Wilson's disease

  title={Wilson's disease},
  author={Aftab Ala and Ann P Walker and Keyoumars Ashkan and James S. Dooley and Michael L. Schilsky},
  journal={The Lancet},

Insights into the management of Wilson’s disease

An overview of various aspects of Wilson’s disease including molecular basis of the disease, clinical features, diagnostic and management strategies with their current limitations are provided.

Wilson’s Disease: Neurological Aspects, Clinical Manifestations, and Treatment Considerations

Wilson’s disease (WD) or hepatolenticular degeneration is an autosomal recessive genetic disorder caused by mutations in the ATP7B gene which leads to accumulation of copper primarily in the liver

Wilson’s disease

Early diagnosis and initiation of therapy with chelators and therapeutic plasma exchange therapy are essential for prognosis and Liver transplantation corrects the underlying pathophysiology and can be lifesaving in fulminant hepatic failure.

Neurologic Wilson's disease

Despite a long history, Wilson's disease, an autosomal recessive disease caused by mutations in the ATP7B gene, remains a commonly misdiagnosed import disease. Mutations in ATP7B result in abnormal

Wilson's disease: apropos of two clinical cases

This work reports 2 cases of Wilson’s disease with hepatic involvement, with distinct evolutions, based upon clinical, biochemical and histological findings.

Clinical considerations for an effective medical therapy in Wilson's disease

Considerations for an effective medical treatment and requirements for future studies in Wilson's disease are discussed, including standardized dosage strategies that address changes in copper pools that may reduce long‐term morbidity.

The Treatment of Wilson's Disease, a Rare Genetic Disorder of Copper Metabolism

Five drugs are currently available to treat Wilson's disease: British Anti-Lewisite; D-penicillamine; trientine; zinc sulfate or acetate; zinc chloride; and ammonium tetrathiomolybdate, which can reduce copper levels and/or transform copper into a metabolically inert and unavailable form in the patient.

Disorders in Hepatic Copper Secretion: Wilson's Disease and Pleomorphic Syndromes.

The authors discuss the new association of cuprotoxicosis with pleomorphic syndromes, of which MEDNIK is the first example, produced by genetic variations that disrupt the universal mechanisms of protein transport and thus perturb the traffic of Atp7b linked to Cu excretion.

Late-Onset Wilson's Disease

A 67-year-old female in whom Wilson's disease manifested as tremors of the upper extremities and chin that were originally assessed as part of cerebral atherosclerosis and Parkinson's disease is presented.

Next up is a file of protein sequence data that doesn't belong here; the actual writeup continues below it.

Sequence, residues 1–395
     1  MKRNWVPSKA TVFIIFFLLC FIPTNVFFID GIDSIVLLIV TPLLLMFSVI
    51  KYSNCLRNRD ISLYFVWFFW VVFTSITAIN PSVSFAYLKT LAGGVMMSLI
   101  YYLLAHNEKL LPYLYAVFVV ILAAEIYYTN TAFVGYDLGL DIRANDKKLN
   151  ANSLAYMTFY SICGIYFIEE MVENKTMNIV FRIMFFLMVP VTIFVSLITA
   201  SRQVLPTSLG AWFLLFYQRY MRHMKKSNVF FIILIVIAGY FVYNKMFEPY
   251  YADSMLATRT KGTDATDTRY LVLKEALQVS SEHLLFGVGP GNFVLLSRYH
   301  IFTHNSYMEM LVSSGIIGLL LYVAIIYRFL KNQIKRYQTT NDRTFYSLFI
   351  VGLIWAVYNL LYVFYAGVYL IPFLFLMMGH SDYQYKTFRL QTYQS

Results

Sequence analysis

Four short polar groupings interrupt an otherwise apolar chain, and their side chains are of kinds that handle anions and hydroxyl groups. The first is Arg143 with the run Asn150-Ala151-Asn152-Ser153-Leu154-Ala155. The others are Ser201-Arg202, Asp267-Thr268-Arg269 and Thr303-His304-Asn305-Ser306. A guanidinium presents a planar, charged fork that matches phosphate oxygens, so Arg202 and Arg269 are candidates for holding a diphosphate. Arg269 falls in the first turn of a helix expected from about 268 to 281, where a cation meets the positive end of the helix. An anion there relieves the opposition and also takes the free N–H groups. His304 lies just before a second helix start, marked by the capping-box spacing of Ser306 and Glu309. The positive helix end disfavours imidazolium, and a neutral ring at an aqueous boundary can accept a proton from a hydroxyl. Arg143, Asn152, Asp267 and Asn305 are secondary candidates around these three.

Wilson's Disease: Clinical, Genetic and Pharmacological Findings

The most appropriate therapy, including OLT, remains controversial in WD and further studies are needed especially in order to differentiate the possibility of specific therapies for different WD phenotypes.

Diagnosis and current therapy of Wilson's disease

Wilson's disease is an autosomal recessive inherited disorder of hepatic copper metabolism resulting in liver disease and/or neuropsychiatric disease, which requires life‐long administration of copper chelators (d‐penicillamine, trientine).

Wilson disease: New insights into pathogenesis, diagnosis, and future therapy

  • M. Schilsky
  • Medicine, Biology
    Current gastroenterology reports
  • 2005
Wilson disease is caused by disease-specific mutations of the copper transporting ATPase, ATP7B, and can be treated effectively with chelating agents or zinc salts, or with liver transplantation.

Wilson's disease (hepatolenticular degeneration). Treatment with penicillamine and changes in hepatic trapping of radioactive copper.

Twenty-eight patients with Wilson's disease who have been treated with penicillamine and a low-copper diet were studied and radioactive copper studies showed a slow increase in uptake by livers of symptomatic patients under long-term treatment.

3 Wilson disease

Late onset Wilson's disease: Therapeutic implications

The clinical symptoms of Wilson's disease (WD) usually develop between 3 and 40 years of age and include signs of liver and/or neurologic and psychiatric disease. We report on an 84‐year‐old woman

Wilson's disease.

  • P. Ferenci
  • Medicine
    Italian journal of gastroenterology and hepatology
  • 1999

Hemolytic anemia in Wilson's disease.

After this initial episode no further features suggesting hepatic involvement may appear despite neurologic abnormalities of many years' duration, and Wilson's disease is rarely considered at that time.

Neurologically Presenting Wilson’s Disease

A new drug, tetrathiomolybdate, given for 8–16 weeks, in combination with zinc, is the first choice for treating patients with Wilson’s disease, and in the absence of availability of tetradesyllabdate, zinc or trientine are the next best choices.


  • D. Denny-Brown
  • Medicine, Biology
    The New England journal of medicine
  • 1964
WILSON'S disease has for a long time been of particular interest to the neurologist because it exemplifies a specific metabolic disorder involving some special relation between hepatic cirrhosis and